Nash's original proof of his famous isometric embedding theorem was extremely complicated. I'm under the impression that very few people ever read or understood the details. The hard step is a generalized implicit function theorem. His proof was simplified considerably by Moser and others (I learned the proof from a paper by Sergeraert). However, the proof of the isometric embedding theorem was dramatically simplified by Matthias Gunther, who found a way to use the standard contraction mapping argument and eliminate completely the need for the so-called Nash-Moser implicit function theorem.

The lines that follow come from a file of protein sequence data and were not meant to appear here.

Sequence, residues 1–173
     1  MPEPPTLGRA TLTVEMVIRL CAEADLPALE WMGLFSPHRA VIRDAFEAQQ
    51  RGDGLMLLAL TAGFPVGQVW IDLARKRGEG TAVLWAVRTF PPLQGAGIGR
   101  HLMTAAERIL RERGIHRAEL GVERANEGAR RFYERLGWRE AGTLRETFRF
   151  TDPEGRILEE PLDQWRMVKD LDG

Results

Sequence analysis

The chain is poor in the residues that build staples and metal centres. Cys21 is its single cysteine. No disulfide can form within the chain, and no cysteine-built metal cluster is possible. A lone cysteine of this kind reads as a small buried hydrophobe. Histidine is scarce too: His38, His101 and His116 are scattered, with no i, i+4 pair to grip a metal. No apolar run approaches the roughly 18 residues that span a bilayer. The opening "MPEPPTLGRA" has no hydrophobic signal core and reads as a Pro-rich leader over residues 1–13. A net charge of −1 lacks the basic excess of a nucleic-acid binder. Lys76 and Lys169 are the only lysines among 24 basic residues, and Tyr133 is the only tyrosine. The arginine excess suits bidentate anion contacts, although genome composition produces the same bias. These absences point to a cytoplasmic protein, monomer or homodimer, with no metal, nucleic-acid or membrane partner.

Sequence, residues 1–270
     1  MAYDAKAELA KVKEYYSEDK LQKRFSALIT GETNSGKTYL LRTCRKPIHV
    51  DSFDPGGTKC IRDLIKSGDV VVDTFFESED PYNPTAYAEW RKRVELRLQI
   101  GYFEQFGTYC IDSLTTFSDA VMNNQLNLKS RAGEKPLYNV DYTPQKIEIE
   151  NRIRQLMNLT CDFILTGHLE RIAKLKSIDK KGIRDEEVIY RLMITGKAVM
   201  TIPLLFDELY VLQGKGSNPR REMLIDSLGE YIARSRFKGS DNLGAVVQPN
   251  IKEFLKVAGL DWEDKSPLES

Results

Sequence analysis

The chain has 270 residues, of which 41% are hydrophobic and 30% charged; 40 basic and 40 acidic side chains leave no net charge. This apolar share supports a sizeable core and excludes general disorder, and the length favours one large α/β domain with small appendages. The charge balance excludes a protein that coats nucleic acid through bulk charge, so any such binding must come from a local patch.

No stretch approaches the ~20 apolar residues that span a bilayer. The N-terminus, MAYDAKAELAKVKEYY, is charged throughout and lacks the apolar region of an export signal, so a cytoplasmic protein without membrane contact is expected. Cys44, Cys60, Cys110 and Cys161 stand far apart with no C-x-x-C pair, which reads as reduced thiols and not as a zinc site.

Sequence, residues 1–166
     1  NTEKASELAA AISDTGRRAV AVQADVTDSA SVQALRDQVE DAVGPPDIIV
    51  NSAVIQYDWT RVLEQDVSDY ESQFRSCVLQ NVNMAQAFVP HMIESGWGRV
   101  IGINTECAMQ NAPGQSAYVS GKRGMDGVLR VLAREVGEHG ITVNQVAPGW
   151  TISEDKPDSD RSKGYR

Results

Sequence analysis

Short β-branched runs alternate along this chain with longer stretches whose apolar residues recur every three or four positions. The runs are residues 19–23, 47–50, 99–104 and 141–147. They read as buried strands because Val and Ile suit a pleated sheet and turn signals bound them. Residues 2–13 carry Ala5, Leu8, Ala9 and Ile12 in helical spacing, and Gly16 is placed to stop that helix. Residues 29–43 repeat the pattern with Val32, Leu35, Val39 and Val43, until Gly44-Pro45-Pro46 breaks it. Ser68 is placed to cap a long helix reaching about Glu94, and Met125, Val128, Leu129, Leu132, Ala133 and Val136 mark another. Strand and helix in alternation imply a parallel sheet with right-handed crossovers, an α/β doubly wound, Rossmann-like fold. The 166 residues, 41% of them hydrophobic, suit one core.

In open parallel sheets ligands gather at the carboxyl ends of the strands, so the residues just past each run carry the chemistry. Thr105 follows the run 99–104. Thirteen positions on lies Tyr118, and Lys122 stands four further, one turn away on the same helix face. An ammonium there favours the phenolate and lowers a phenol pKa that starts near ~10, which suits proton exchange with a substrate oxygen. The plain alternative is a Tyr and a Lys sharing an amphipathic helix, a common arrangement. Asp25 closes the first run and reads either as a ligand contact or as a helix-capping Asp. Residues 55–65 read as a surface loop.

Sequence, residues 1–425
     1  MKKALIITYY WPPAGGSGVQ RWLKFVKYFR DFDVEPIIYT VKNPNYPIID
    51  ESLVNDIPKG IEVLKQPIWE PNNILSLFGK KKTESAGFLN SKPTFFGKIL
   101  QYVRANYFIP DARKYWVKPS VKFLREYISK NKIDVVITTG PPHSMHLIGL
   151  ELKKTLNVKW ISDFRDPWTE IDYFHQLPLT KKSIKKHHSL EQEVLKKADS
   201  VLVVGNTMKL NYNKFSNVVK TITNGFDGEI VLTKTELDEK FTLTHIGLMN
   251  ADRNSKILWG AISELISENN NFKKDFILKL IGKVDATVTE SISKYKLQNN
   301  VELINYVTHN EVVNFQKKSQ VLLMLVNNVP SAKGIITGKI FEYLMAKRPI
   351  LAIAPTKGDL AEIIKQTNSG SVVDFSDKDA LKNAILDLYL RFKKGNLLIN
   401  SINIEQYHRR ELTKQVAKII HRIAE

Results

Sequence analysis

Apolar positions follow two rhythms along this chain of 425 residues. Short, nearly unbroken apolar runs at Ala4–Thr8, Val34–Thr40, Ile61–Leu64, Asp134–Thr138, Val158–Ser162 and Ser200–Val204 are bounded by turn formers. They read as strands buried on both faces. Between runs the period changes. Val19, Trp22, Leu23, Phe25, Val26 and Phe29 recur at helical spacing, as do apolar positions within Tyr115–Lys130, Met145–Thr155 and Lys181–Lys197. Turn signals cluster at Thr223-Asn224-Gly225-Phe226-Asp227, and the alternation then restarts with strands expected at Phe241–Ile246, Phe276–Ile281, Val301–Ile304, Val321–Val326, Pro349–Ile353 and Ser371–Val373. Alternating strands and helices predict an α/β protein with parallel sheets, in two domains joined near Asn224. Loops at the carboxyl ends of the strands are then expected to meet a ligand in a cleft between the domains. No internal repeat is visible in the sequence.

However, Gunther's proof, unlike the other examples and the intent of the question, is for me just as mysterious and miraculous as Nash's original proof.